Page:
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Thankfulness that Transcends

Thanksgiving is the holiday that launches time with family, community activities and the feasts of the holiday season. It births the festivities we love and memories we cherish. However, this year holds SO many changes and interruptions to our tradition. You may be disappointed to not have certain family with you for the holiday or to have the opportunity to travel to see them. Or perhaps you are walking through the devastation of losing a loved one. How can you continue to celebrate without them? My hope for us all is to still remember the heart of this season: thankfulness that transcends or goes beyond the limits of challenges.

In 1621, the first Thanksgiving was held at harvest time with the English Pilgrims and American Indians. The pilgrims had suffered so many hardships, which included the loss of spouses and children. They did not know the dangers and devastations which lay ahead, yet they gave thanks. More than two hundred years later, in 1863, President Abraham Lincoln proclaimed, “I do therefore invite my fellow citizens in every part of the United States, and also those who are at sea and those who are sojourning in foreign lands, to set apart and observe the last Thursday of November next, as a day of Thanksgiving and Praise to our beneficent Father who dwelleth in the Heavens.”[1] This holiday was cemented into our nation's culture during the civil war. In a time of division, conflict, and death, our nation gave thanks.

Thanksgiving transcends challenges. What challenges are you facing today? There are so many stresses bombarding our lives--emotional, relational, moral, financial. Our nation is experiencing division and conflict that seems to build daily. Perhaps we can empathize in some way with the bold individuals in 1621 and 1863 who chose to give thanks despite difficult challenges. [2]

The act of giving thanks encourages us. This encouragement is not simply a spark of joy but emboldens us with courage to press on and overcome:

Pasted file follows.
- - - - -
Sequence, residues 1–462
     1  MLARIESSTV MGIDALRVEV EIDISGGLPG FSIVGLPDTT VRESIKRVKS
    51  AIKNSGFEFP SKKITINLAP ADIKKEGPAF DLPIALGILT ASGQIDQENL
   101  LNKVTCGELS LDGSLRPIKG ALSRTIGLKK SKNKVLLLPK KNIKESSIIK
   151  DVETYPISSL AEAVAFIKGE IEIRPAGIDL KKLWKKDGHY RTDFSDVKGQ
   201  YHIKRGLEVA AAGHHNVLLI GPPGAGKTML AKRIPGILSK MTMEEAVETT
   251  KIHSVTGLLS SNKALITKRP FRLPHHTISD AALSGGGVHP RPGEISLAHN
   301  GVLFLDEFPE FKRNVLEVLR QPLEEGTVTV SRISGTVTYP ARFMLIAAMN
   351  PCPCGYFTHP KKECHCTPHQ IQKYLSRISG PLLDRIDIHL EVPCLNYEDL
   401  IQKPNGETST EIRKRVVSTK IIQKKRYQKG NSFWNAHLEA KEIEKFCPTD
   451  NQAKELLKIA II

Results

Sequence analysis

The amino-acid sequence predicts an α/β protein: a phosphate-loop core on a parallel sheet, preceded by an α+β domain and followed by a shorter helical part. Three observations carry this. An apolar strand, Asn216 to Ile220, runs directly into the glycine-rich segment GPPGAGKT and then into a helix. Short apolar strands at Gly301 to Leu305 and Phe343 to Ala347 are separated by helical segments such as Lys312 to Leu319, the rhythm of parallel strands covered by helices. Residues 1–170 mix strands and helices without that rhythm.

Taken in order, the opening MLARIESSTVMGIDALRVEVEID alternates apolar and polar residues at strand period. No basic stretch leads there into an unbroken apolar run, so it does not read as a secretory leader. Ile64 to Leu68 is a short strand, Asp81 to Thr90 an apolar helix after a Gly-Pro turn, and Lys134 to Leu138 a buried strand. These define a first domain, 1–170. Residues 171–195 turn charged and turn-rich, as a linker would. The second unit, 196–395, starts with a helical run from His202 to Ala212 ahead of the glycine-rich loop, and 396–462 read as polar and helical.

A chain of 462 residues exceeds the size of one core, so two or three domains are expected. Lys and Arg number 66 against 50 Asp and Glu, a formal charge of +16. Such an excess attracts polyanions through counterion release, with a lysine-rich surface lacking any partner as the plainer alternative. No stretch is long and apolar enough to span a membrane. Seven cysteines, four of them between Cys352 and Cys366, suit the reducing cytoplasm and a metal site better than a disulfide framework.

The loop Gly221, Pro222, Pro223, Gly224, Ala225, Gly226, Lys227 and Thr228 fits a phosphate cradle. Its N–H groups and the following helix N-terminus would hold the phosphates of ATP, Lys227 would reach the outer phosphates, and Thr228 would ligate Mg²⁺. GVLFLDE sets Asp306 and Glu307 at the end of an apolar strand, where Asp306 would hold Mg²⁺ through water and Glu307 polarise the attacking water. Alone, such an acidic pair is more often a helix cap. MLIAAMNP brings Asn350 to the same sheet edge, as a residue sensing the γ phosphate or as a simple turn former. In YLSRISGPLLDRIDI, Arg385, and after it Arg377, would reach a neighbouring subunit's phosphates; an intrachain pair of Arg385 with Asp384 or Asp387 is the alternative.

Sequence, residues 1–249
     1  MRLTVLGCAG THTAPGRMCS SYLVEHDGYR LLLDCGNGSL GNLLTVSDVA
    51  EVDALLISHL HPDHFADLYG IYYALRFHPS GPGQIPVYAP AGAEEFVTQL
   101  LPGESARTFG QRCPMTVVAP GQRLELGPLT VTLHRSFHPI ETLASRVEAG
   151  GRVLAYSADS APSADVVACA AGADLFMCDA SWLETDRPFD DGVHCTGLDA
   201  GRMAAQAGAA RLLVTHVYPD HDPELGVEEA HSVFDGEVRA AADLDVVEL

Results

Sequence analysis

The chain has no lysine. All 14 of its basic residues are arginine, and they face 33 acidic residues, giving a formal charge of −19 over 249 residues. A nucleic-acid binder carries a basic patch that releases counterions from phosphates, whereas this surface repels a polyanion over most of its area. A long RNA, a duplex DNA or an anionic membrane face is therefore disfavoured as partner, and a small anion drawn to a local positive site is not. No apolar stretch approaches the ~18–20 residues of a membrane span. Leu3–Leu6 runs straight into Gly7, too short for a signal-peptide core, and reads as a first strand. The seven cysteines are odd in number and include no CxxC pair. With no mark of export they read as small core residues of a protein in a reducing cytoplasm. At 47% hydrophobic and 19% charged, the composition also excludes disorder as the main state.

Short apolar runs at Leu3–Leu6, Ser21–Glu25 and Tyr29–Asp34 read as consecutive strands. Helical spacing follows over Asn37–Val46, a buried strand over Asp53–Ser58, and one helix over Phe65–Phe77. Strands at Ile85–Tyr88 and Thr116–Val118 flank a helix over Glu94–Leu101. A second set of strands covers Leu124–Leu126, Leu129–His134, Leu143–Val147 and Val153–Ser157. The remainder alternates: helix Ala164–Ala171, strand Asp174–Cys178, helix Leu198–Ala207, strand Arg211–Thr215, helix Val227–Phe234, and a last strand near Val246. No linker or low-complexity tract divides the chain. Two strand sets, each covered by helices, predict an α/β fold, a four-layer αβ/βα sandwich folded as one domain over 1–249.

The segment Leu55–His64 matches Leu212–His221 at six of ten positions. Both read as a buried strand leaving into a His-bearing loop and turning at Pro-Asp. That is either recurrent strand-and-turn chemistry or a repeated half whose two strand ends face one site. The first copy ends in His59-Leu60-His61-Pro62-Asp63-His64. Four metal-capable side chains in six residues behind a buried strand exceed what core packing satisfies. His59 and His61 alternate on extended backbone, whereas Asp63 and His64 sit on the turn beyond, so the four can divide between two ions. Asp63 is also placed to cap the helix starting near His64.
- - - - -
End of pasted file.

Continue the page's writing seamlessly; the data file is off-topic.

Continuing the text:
Encourage- to give courage to; to give or increase confidence of success; to inspire with courage, spirit, or strength of mind; to embolden; to animate; to incite; to inspirit. [3]

I believe that the pilgrims and Abraham Lincoln were able to exercise this thanksgiving which produced courage. Their hope was not in what they could see with their natural eye or even control with their own strength. Their hope was in God, the One who is faithful and able to bring breakthrough in all circumstances. David experienced this as well as he faced years of multiple internal and personal difficulties as the King of Israel. His repeated conclusions were:

“Praise the Lord!

Oh, give thanks to the Lord, for He is good!

For His mercy endures forever.

Who can utter the mighty acts of the Lord?

Who can declare all His praise?” [4]

David did not simply give thanks for things in his life, but rather for God Himself whose amazing attributes never fail. David also recognized God as his source of strength. I have personally found that Jesus Christ is the one who is both worthy of our praise and the source of courage and strength in all circumstances. He comes to my rescue and I can agree with David that the acts of the Lord are mighty.

My hope is that you have the courage to give thanks no matter what obstacles you are facing during this season. May this holiday find your heart filled with thanksgiving and praise to Him!


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